Patrick Crozier

The argument British European federalists most often use to justify their case is that we can only have influence in Europe if we first demonstrate that we are committed to the federal end-goal. They acknowledge that we have lost every argument that we have ever had but put that down to our timidity rather than Franco-German opposition. The implication is that everything will be fine "when we are married".

One might counter by pointing that in real life things are rarely so fine after the ceremony but my real bug bear here is the argument about influence. Because I think Britain would have far more influence on the EU if she withdrew.

Just imagine it. Britain withdraws, the EU embarks on a headlong dash for socialism now and within half a generation has got trapped in a morass of regulation, recession, unemployment and unrest. Meanwhile, plucky Britain has just sailed on much as ever. At which point our example starts to have enormous influence. At which point EU countries start to introduce precisely the sort of liberalising measures we have long been calling for.

There's more than one way to influence people.

June 12, 2003

Don't forget to vote
Patrick Crozier

It's probably the only chance you're going to get.

June 08, 2003

Vive la France libre
Patrick Crozier

I know it is unlikely that anyone surfing here has not already read David Carr's Samizdata piece on the situation in France (based on a letter published by den Beste) but in case you haven't I suggest you read it. Here's a taste:

The city of Toulouse was blocked during the morning of yesterday and not a single step was taken by public authorities to end this blocking. On the contrary, the police collaborated with the unions in order to make sure that people could not pass. In the demonstration I just mentioned, not a policeman was dispatched to protect us against the assaults of the communist union's members.

May 30, 2003

Why I am a Eurosceptic
Patrick Crozier

Tony Blair has come out against the Eurosceptics (at least that’s the BBC’s take on things) and, as a not-quite fully-paid up, card-carrying member of the Eurosceptic movement I feel obliged to respond. But it occurred to me, reading the BBC report of Blair’s words, that very few of his criticisms applied to me. The one about withdrawing certainly did but other than that I rather got the impression that he must be talking about someone else.

I am a Eurosceptic (meaning I want Britain to withdraw from the European Union) because I am a libertarian. I believe that the current set up makes it very difficult, legally, for a British government to follow libertarian policies and that further engagement would only make things all the more difficult.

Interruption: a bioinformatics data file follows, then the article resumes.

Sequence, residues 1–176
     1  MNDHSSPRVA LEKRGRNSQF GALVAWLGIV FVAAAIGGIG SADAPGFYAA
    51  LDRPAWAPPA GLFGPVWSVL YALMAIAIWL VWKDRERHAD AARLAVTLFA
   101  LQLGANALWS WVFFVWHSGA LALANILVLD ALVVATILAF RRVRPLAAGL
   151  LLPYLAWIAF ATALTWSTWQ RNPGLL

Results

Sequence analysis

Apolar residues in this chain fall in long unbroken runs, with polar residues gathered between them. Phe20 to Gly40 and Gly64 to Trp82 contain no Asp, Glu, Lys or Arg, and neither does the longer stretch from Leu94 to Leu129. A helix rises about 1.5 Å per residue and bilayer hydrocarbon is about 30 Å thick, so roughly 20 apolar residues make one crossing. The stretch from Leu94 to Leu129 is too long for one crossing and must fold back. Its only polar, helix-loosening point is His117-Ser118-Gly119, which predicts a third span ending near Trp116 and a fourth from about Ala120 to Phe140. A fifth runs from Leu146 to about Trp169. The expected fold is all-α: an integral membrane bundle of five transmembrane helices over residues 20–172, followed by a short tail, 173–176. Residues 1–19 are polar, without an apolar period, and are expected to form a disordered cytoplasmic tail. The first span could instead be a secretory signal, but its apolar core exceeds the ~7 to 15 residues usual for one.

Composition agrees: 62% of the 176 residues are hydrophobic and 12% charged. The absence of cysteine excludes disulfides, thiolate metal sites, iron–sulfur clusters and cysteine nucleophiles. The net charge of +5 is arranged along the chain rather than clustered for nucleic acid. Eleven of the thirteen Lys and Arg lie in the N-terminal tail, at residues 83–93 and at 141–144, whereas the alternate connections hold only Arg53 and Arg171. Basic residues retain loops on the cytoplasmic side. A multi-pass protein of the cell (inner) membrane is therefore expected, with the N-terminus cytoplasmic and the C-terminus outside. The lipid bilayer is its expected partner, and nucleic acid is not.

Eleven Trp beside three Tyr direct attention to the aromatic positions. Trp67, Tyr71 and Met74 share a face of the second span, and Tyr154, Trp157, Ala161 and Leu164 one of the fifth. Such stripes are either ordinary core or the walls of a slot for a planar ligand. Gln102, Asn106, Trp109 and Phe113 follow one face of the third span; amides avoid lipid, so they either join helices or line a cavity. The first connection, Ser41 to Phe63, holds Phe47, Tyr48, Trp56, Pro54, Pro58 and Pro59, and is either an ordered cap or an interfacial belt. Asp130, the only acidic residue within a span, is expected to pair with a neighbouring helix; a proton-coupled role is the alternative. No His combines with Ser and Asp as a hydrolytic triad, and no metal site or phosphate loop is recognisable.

As someone who, in another place, covers transport issues, I am confronted daily with the block-headedness of the European Union’s rail policy. It’s been there for over ten years and the problems that Britain’s railways face are in large part inspired by the EU – along with, it must be said, a fair dose of our own stupidity. Were I ever to become Transport Secretary and seek to introduce what I regard as sensible policies I would almost immediately find that they would be ruled out as contrary to European law. I would then be faced with the uncomfortable dilemma of deciding whether to carry on in defiance of the EU or to resign.

Although I can’t prove it, it is interesting to observe the Transport Secretary, Alistair Darling’s almost complete paralysis on the subject. Although (I think) he has correctly identified fragmentation as the problem, he resolutely refuses to do anything about it because he can’t – the EU won’t allow him to. The thing that damns him is his failure to tell the rest of us.

“Ah”, say the critics “what you need to do is get involved. Show that you are committed to the project and the debate will start to go your way.” Don’t they always. But that is precisely what Britain has been trying to do for over 30 years. In the late 1980s it was just possible to believe that the Single Market was the answer to our prayers; proof positive that our free-trading instincts were being listened to. But very soon we realised – largely through the magnificent Daily Telegraph columns of Christopher Booker - that far from being a boost to trade the Single Market was being used as a club with which to batter and subdue enterprise, especially the smaller and more traditional varieties.